The original link went to a slightly reorganized version of a Wikipedia page
-- but with no credit given. I've de-linked the page. This is basically plagiarism, and it stinks.
Here's a fine collection of 87 bad futuristic predictions from years gone by -- many of them are risible because of their skepticism (see the "telephones" section below), but I'm very fond of the optimistic ones, too, like "Nuclear-powered vacuum cleaners will probably be a reality in 10 years" (Alex Lewyt, president of vacuum cleaner company Lewyt Corp., in the New York Times in 1955).
# «This 'telephone' has too many shortcomings to be seriously considered as a means of communication. The device is inherently of no value to us.»
A memo at Western Union, 1878 (or 1876).
# «The Americans have need of the telephone, but we do not. We have plenty of messenger boys.»
Sir William Preece, Chief Engineer, British Post Office, 1878.
# «It's a great invention but who would want to use it anyway?»
Rutherford B. Hayes, U.S. President, after a demonstration of Alexander Bell's telephone, 1876.
# «A man has been arrested in New York for attempting to extort funds from ignorant and superstitious people by exhibiting a device which he says will convey the human voice any distance over metallic wires so that it will be heard by the listener at the other end. He calls this instrument a telephone. Well-informed people know that it is impossible to transmit the human voice over wires.»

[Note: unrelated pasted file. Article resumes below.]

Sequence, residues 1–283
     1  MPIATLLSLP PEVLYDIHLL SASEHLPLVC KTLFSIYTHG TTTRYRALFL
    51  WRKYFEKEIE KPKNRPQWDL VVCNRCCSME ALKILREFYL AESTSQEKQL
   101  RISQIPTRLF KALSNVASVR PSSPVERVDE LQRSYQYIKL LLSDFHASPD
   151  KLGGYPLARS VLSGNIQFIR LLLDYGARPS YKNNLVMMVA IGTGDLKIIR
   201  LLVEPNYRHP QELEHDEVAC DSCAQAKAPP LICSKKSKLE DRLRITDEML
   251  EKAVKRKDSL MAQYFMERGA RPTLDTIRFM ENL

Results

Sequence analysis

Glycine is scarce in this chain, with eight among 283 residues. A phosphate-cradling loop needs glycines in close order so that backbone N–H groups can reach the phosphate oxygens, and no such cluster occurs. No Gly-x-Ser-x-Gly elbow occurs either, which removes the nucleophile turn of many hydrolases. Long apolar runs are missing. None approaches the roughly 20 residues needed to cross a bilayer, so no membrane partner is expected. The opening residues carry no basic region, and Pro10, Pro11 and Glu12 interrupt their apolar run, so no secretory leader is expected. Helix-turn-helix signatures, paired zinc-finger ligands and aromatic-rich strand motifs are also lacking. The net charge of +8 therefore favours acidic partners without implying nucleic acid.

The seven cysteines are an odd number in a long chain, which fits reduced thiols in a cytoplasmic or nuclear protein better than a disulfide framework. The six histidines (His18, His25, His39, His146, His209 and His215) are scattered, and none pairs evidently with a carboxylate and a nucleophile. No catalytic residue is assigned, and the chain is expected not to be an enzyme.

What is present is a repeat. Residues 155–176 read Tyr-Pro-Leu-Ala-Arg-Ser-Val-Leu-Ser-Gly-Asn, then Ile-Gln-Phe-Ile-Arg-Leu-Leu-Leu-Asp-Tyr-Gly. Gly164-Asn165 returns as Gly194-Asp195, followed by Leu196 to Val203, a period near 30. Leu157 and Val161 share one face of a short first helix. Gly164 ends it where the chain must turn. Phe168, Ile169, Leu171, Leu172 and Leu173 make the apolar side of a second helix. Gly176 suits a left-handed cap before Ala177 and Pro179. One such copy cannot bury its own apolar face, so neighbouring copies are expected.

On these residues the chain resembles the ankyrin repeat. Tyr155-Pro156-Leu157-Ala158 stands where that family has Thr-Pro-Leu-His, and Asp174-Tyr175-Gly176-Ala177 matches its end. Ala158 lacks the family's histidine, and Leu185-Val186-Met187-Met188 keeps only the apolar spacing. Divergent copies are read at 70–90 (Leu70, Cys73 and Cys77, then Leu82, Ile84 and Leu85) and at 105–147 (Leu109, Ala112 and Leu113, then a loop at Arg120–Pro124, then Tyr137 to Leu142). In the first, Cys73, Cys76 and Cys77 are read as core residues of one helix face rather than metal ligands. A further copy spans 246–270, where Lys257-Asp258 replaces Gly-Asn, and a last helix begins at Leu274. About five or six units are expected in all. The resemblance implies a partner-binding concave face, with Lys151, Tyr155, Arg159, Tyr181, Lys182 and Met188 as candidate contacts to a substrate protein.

News item in a New York newspaper, 1868.
Site (http://www.2spare.com/item_50221.aspx) de-linked for plagiarism.
This gadget does exactly as promised: it looks like a thumbdrive (sort of) and fries the circuitry of any computer it’s plugged into. It’s made from camera flash parts, is charged with a standard AA battery, and delivers a 300V zap of DC destruction to the port for all your USB-murdering needs. Note that this […]
The Cobham catalog, exposed by The Intercept, features countless pages of surveillance gadgets sold to U.S. police to spy on American citizens: tiny black boxes with a big interest in you. In the creepily bland feature lists and nerdy product names is a whisper of a dark future; perhaps darker than anyone can imagine.
This image depicts the most commonly-found stylesheet colors on the web’s top sites—Paul Hebert did an amazing amount of analysis and this is just one of the intriguing visualizations he came up with. Most of these are obvious staples, especially HTML red and blue, though it’s interesting how far the blue “cluster” is from the […]
The Pocket Tripod PRO had massive Kickstarter success in 2013, raising almost $85,000 in a single month. But this isn’t just another case of pre-release product hype. This ingenious little device folds out from a credit-card-shaped plastic slab into a sturdy stand with a surprisingly wide range of motion. In portrait orientation, your phone slides […]
Loot Crate is a totally different kind of subscription service that mails subscribers monthly boxes filled with curated geek, pop culture, and gamer paraphernalia. Its cult following awaits a box every month filled with everything from bobble heads to T-shirts to special edition collectibles. But nothing gets Loot Crate fans as excited as the limited […]
The ARMOR-X Mini Flexible Phone Tripod is a smartphone tripod that is designed with flexible legs to rest on virtually any type of surface. Other tripods have proved useless unless I conveniently have a flat surface in front of me, which is why this particular tripod was appealing enough to try out. The ARMOR-X is compact and easy […]